Introduction to Poetry
From Homer to Hamilton, poetry has been one of the most powerful, diverse, and many-splendored genres in the world, ranging from Anglo-Saxon riddles, folk ballads, wisdom literature, and psalms, to songs of heroes, epic sagas, and rap battles.
Poetry can seem intimidating, but this course will give students a basic introduction to the tools they need to enjoy works of marvelous variety and deep beauty in the Great Tradition. Join us as we explore poetry through the ages, from Homer down to the present day. We'll begin learning how to decipher what can appear to be an incomprehensible jumble of words and sounds, as well as gain the skills for a deeper understanding of fields such as history, theology, theatre, and music.
This course will provide an introduction to the art of poetry through immersion and engagement: reading, writing, memorization, historical and literary surveys, and writing exercises. Each week a set of poetic readings, activities, and vocabulary will be assigned to ground, deepen, and practice what we go over during class sessions. In-class discussions will focus heavily on 1) close readings of individual poems and 2) lectures that give a broader context for the study and enjoyment of poetry. Nota bene: There will be a fair bit of memorization! Students will memorize several poems and write imitation poems in the style of the poets we will be studying.
Fall 2020 Registration for this Course Opens on February 27.
This Course is Offered in the Spring Semester Only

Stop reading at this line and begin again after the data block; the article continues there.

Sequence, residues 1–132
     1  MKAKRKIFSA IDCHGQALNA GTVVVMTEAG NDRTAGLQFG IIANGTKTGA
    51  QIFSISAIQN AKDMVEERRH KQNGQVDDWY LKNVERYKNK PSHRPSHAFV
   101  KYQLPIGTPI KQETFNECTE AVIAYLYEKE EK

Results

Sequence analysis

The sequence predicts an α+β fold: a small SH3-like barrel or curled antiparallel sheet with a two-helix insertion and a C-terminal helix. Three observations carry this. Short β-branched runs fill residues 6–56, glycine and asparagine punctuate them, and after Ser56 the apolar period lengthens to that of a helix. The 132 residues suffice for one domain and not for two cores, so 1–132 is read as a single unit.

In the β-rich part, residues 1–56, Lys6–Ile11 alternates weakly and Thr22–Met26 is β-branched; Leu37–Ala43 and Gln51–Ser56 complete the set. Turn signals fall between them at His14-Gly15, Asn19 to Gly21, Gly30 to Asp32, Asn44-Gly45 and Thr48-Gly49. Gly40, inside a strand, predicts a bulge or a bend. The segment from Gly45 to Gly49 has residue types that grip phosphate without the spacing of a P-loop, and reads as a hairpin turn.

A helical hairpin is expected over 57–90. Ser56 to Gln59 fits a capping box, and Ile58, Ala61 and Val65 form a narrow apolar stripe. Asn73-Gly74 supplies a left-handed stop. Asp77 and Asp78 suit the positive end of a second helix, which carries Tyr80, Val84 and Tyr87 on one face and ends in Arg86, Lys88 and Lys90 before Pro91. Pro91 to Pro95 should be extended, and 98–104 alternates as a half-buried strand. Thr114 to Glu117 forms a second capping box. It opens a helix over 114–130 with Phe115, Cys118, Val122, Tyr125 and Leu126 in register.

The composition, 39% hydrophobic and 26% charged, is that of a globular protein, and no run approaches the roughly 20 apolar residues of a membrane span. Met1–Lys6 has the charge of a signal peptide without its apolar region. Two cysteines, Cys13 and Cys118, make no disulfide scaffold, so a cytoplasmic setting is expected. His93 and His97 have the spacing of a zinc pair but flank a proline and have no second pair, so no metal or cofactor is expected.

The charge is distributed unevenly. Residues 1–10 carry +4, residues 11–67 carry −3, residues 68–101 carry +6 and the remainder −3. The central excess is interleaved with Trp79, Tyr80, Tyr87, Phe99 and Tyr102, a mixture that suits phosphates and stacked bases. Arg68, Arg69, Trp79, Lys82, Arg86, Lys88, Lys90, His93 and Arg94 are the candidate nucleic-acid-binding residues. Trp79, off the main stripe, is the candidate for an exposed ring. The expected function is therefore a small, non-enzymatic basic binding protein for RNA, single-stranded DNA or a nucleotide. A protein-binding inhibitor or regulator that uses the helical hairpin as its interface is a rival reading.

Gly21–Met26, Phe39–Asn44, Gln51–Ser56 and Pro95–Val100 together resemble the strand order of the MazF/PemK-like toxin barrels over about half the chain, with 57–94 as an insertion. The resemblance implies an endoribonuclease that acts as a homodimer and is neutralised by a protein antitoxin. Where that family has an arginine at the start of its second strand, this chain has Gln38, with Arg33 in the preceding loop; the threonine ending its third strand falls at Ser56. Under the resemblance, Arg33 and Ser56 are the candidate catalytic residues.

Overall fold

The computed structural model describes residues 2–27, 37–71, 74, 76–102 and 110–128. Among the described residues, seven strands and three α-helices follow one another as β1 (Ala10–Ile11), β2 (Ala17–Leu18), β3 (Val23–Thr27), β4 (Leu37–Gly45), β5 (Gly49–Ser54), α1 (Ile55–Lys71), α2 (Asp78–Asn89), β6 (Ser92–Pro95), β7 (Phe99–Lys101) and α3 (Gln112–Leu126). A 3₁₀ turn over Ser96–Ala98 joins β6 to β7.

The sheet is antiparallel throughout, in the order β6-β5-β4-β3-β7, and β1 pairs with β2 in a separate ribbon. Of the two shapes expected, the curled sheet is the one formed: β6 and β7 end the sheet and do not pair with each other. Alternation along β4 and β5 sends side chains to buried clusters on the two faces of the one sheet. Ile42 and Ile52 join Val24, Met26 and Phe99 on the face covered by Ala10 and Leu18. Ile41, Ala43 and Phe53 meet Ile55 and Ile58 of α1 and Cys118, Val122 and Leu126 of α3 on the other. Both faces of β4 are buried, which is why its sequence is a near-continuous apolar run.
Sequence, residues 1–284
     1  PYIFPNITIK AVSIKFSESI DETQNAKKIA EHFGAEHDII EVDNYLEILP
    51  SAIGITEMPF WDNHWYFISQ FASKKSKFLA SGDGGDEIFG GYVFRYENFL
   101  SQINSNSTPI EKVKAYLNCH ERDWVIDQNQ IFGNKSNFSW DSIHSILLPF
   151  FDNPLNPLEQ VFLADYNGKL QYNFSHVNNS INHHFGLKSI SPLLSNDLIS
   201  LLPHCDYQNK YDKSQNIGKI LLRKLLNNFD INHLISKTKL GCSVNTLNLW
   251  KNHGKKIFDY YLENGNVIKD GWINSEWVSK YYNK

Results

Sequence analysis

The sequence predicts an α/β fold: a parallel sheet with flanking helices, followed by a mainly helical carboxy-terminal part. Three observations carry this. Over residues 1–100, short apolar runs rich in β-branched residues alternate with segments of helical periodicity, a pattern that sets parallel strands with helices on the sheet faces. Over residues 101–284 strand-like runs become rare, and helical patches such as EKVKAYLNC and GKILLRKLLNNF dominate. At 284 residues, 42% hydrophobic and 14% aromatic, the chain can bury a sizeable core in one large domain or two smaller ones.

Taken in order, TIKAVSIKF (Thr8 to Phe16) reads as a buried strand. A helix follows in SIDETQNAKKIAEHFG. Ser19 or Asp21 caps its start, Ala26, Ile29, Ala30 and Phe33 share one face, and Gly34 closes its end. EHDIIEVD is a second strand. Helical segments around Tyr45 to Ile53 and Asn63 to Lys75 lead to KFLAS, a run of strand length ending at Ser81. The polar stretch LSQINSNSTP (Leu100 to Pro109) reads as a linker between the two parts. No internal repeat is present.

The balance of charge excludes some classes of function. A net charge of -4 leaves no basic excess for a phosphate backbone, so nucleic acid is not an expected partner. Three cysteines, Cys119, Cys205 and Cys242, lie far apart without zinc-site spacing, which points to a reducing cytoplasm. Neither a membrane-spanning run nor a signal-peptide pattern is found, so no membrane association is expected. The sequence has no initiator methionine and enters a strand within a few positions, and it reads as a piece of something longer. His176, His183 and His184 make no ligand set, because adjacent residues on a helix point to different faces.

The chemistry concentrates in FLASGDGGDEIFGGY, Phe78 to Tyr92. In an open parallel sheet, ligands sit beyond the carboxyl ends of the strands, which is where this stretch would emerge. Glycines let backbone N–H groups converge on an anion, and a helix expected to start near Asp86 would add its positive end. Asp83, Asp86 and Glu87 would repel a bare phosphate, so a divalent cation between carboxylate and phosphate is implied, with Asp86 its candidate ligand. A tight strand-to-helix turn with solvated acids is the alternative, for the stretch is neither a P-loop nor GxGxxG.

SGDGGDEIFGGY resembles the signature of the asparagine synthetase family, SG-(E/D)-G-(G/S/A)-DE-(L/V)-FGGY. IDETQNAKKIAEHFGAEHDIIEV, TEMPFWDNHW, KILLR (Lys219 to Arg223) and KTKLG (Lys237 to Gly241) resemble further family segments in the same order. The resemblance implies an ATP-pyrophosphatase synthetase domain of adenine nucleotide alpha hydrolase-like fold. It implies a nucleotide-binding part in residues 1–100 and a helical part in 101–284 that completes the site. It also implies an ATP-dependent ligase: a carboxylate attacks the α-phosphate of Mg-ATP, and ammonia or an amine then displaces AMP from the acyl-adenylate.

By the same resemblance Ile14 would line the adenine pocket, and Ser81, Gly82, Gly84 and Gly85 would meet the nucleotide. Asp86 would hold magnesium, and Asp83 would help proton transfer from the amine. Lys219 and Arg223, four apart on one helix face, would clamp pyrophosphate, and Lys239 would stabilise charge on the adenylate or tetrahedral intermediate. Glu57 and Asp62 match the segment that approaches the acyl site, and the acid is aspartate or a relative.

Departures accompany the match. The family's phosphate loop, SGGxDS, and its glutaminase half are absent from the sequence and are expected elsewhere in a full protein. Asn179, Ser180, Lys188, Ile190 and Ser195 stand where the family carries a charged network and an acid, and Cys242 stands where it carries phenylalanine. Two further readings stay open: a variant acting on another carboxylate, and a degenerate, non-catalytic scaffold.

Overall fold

PLEASE NOTE: We are gauging student interest in this course before opening it for Registration. If you would like to take this class, please click on the "I'M INTERESTED" button below. If we receive sufficient responses, we will endeavor to make the course available for the 2019 Spring term.
Fall Term Only
(Class is Single Semester)
is helpful, but not required.
Class Meets: Thursdays, 10:00 AM - 12:00 PM Pacific
Class Starts on 3 September
Fall '21 - Spring '22 Registration is Open!
Tessa Carman, M.F.A.
Tessa Carman studied Politics, Philosophy, & Economics (B.A., magna cum laude) at The King’s College in New York City, where she wrote her thesis on George MacDonald’s fairy tales. She also completed her MFA in Creative Writing (Poetry) at Seattle Pacific University in 2020.
Her family roots are in northern Minnesota, where her father’s crowded bookshelves, her grandfather’s 400-acre farm, and long cold winters were some of her first tutors.
She continues to pursue her love for literature, languages, theology, and theater with her husband, daughter, and son. Some of her favorite things include going for walks with her family, writing at coffee shops with her husband, hiking in the mountains, studying Old English with friends, baking biscuits and scones, exploring used bookstores, and advocating for the Oxford comma.
Poetry is a mirror which makes beautiful that which is distorted.
~Percy Bysshe Shelley
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